The next union organizing wave is at Apple

The next union organizing wave is at Apple

Workers at the Towson Town Center Apple hold their new union T-shirts after their store employees decided to join the International Association of Machinists Union. Theirs is the first Apple store in the US to vote for union representation.
(Barbara Haddock Taylor/The Baltimore Sun/Tribune News Service/Getty Images via CNN Newsource)

By Ramishah Maruf | CNN

New York  — Apple faces plenty of challenges this year including regulatory scrutiny in Washington, sluggish sales in China and a competitive landscape in AI. Now, its leaders also have to contend with labor unrest.

Apple store workers in Towson, Maryland, made history in June 2022 when they voted to form the first union at one of the tech giant’s sleek US stores. Since 2023, the worker group outside of Baltimore has been in contract negotiations with Apple management. Now, workers are weighing a strike.

Saying management has yet to meet their core demands, the Maryland workers are holding a strike authorization vote on Saturday, one of the strongest labor actions taken against the Big Tech company yet. And it’s far from the only labor challenge Apple is battling in the US.

Employees in New Jersey are holding a union election this weekend. In addition, the National Labor Relations Board this week upheld a decision alleging Apple’s union-busting tactics in New York City. The company also has unfair labor practice complaints against it in front of labor judges right now (Apple denies these allegations).

The labor wave that has hit Apple retail stores echoes the mass organizing that began at other influential companies in the United States, such as Starbucks and Amazon. As Apple grew to become the world’s first $3 trillion company, a tight labor market coming out of the Covid-19 pandemic exposed labor conditions and inequalities front-facing workers in places such as stores and warehouses faced.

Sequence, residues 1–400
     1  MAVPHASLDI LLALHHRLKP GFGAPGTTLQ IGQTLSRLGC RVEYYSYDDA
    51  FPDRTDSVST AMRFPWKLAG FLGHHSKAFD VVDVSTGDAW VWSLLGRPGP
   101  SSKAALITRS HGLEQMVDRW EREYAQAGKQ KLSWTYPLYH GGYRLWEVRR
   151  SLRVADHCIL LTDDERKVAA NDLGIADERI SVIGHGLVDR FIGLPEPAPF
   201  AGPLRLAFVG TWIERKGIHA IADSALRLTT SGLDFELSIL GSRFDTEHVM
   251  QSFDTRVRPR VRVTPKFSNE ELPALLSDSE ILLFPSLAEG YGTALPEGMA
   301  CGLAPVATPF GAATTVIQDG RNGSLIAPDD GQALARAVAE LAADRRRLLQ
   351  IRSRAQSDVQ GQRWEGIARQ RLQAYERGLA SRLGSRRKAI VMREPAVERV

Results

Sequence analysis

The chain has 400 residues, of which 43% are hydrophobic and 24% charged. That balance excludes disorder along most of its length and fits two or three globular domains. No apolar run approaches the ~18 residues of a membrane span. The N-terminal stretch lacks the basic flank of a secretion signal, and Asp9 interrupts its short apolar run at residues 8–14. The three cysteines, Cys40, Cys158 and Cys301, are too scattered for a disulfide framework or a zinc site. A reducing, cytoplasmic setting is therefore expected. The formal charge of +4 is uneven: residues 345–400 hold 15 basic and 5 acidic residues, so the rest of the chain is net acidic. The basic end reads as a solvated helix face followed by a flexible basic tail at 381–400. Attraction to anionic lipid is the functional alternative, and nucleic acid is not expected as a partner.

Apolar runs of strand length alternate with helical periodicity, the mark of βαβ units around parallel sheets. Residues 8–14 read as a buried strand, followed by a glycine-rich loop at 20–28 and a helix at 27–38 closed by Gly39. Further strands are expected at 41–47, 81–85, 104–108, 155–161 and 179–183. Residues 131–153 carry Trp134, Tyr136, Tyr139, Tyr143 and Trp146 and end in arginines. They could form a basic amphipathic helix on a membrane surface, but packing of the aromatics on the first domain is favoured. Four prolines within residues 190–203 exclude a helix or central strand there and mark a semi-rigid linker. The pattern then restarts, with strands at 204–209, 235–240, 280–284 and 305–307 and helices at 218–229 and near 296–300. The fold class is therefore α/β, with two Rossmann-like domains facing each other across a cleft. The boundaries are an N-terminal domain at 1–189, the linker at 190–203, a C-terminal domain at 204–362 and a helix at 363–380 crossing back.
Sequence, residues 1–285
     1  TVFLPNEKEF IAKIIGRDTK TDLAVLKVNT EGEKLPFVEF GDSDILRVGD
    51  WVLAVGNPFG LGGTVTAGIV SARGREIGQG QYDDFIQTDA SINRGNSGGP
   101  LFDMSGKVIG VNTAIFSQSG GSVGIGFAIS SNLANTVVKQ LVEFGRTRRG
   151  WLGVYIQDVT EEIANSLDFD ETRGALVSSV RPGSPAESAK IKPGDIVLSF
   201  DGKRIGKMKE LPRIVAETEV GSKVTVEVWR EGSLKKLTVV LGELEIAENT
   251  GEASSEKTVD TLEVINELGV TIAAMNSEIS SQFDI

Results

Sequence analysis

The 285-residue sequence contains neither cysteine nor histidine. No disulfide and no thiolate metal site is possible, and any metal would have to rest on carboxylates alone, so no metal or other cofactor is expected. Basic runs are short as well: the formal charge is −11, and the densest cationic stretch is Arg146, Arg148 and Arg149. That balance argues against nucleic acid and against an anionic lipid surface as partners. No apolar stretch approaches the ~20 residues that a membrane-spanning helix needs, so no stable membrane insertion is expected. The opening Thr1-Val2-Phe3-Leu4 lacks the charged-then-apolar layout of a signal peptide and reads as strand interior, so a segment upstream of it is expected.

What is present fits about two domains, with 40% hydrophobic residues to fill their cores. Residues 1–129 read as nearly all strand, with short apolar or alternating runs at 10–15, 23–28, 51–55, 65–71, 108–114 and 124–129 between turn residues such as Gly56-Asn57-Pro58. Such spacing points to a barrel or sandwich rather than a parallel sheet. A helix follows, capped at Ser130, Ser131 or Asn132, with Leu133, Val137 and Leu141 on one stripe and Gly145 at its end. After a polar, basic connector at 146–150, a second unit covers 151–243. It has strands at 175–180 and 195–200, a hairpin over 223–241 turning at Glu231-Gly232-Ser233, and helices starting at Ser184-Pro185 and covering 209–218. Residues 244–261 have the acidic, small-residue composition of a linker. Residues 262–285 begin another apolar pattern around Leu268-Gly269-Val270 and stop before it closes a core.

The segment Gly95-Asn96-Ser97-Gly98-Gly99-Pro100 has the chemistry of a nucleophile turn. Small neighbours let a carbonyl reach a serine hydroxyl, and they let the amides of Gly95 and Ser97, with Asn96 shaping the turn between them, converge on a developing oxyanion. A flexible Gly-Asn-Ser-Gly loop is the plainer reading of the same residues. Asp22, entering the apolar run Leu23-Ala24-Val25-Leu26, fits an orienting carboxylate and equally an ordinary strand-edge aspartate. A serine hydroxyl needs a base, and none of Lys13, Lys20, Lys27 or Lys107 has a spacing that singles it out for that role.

“It speaks to a growing frustration among workers and also a contagion in labor activity, which is when one group of workers stands up and inspires others,” Kate Bronfenbrenner, the Director of Labor Education Research at Cornell’s School of Industrial and Labor Relations, said.

So far, workers at two Apple store locations – Towson, Maryland and Oklahoma City – have voted to unionize. But the union vote in New Jersey this weekend, along with other efforts across the country, could just be the beginning.

Apple is a high profile company – and many, many Americans have at least one Apple product.

“This whole segment of the economy that didn’t have a lot of activity, suddenly has activity. The Apple workers (possibly) going on strike is going to be a spark for other workers,” Bronfenbrenner said.

“At Apple we work hard to provide an excellent experience for our retail team members and empower them to deliver exceptional service for our customers. We deeply value our team members and we’re proud to provide them with industry leading compensation and exceptional benefits. As always, we will engage with the union representing our team in Towson respectfully and in good faith,” an Apple spokesperson said in an emailed statement to CNN.

A possible strike